Crash Reporting

Another big feature that TestFlight will have is crash reporting. Apple has provided crash reporting for App Store apps for a while now, but many have found it to be lacking and utilize 3rd-party solutions instead. Apple has only mentioned TestFlight supporting crash reporting for App Store submissions, not betas. It’s better than no crash reporting at all, but it’s not a complete solution and it’s still subpar to the many 3rd-party solutions currently out there. Oh, and one more thing. Apple said that crash reporting and symbolication will be available later next year.

Support

Last but not least, let’s talk about support. Hockey won me over early on with their beyond-stellar support. I frequently receive responses to my support requests in less than 15 minutes, and at all hours of the day and night. One time I submitted a support request to find out if I could aggregate crash information in a particular way through the Hockey website, but was told it wasn’t currently possible. The next morning Hockey support sent me a Ruby script to accomplish what I wanted using their API. Apple won’t be, and likely has no interest in, providing that kind of support.

Where TestFlight Fits In

Believe it or not, I’m not trying to talk anybody out of using TestFlight. I’m quite glad to see TestFlight; I think it’s a big step in the right direction. TestFlight will be entirely sufficient for many developers’ testing needs, and the fact that those developers will be able to utilize TestFlight instead of relying on, and having to pay for a 3rd-party service, is great news. Even developers who continue to use services like Hockey to fulfill needs unmet by TestFlight will likely benefit from TestFlight. Hockey may make the most sense during development when you’re cranking out builds and rapidly iterating, but as you’re getting ready to ship to the App Store, being able to get your app into the hands of a much larger group before finally shipping to the App Store is a huge plus. The more users you have testing your app on more devices, the greater your ability to catch strange edge cases and eventually ship a more polished app. That’s not only great news for developers, it’s great news for users who easily become collateral damage of insufficient testing.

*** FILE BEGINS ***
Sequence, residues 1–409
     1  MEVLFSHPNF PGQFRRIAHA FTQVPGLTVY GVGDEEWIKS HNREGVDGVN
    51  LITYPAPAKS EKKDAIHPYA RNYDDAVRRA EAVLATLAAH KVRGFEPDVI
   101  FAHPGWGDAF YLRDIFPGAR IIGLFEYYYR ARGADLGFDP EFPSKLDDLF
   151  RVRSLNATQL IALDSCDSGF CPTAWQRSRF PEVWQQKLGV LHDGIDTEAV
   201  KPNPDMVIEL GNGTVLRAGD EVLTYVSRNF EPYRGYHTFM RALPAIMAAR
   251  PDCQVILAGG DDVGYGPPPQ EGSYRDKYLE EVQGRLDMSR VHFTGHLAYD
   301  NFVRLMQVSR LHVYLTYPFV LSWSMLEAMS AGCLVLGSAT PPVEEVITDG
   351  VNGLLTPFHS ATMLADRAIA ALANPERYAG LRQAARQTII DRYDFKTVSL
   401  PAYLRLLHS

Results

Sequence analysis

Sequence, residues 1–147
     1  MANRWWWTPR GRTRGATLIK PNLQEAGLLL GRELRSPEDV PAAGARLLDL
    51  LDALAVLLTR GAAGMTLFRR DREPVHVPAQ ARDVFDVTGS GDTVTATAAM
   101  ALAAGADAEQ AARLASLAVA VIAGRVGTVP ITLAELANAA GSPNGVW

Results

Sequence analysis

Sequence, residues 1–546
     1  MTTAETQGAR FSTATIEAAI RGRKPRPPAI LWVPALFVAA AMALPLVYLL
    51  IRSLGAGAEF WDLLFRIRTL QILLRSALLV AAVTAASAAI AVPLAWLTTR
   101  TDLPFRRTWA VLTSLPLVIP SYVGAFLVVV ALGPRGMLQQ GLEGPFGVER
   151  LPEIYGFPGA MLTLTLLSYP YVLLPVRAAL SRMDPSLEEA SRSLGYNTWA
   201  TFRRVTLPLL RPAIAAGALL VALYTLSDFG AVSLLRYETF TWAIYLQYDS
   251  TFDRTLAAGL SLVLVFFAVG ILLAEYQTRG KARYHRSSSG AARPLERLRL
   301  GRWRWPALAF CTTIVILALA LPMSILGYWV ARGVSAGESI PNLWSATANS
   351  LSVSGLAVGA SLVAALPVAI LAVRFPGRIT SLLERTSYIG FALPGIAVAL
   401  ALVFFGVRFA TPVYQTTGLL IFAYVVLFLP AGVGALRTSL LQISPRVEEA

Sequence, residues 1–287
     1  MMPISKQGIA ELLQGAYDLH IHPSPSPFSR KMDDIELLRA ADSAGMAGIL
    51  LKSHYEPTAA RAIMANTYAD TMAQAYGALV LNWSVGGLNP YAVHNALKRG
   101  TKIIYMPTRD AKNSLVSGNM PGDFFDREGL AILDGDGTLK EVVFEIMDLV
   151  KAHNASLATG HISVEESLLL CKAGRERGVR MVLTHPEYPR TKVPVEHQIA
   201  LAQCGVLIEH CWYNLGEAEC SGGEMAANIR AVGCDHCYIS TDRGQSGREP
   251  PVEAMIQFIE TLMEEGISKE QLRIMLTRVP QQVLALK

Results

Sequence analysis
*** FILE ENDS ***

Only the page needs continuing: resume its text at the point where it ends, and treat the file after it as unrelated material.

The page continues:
Maybe down the road Apple will expand TestFlight to compete more aggressively with Hockey. Maybe they’ll even kill off manual management of distribution profiles for good. But looking at what we know about these upcoming changes so far, TestFlight and HockeyApp are two different services that serve two very different needs. TestFlight isn’t going to kill Hockey, it’s going to complement it.

iPhone Touchscreen Accuracy – A lesson in understanding test requirements and goals

Effective problem solving requires that you fully understand the problem you’re trying to address. This holds true in life and in programming. Effective testing requires that you have a good understanding of what you are testing and why. Without this solid foundation, at a minimum you’ll cause some confusion, and often times you’ll end up wasting time, money and energy investigating problems that aren’t really problems. This week, a company called OptoFidelity provided the perfect opportunity to discuss this challenge that engineers and testers commonly face.

OptoFidelity is a technology company that, among other things, provides automated test solutions. They recently performed a number of automated tests on the iPhone 5c, iPhone 5s, and Samsung Galaxy S3. One of the tests that was carried out is meant to measure the accuracy of a touch panel. This test is performed by a robot which has an artificial finger that performs hundreds of precise taps across the entire display. The location of the tap is compared against where the device registered the tap. If the actual location and registered location are within 1mm of each other, the tap is displayed as a green dot– a pass. If the actual location and registered location differ by 1mm or more, then tap is displayed as a red dot– a failure.

Touchscreen Accuracy Test Results

The image above comes from OptoFidelity and shows the results of the test. As you can see, the Galaxy S3 performs very well in this test, only losing accuracy at the very edge of the display. The iPhones show a somewhat alarming amount of inaccuracy, with roughly 75% of the touchscreen yielding inaccurate results. The obvious conclusion to draw here is that the iPhone 5c and 5s clearly have subpar touchscreen accuracy, at least when compared to the Samsung Galaxy S3. But something sticks out about the iPhone results.

The green area for the iPhone results, where it registered taps within 1mm of the actual tap location, fall into an area that would be easily tappable with your thumb when holding your phone with your right hand. If you pick up your phone with your right hand, and try tapping with your right thumb, it’s easy to see that this area is easy to tap with a fair amount of accuracy. You’re not stretching your thumb as you would when you go for the top of the screen, or scrunching your thumb up too much like you would when trying to tap close to the right edge of the screen. You also wind up tapping with the same part of your thumb while in this area. Put more concisely, this is an area of the screen that you’re more likely to tap exactly where you mean to. So what about where the circles turn red? What’s going on there?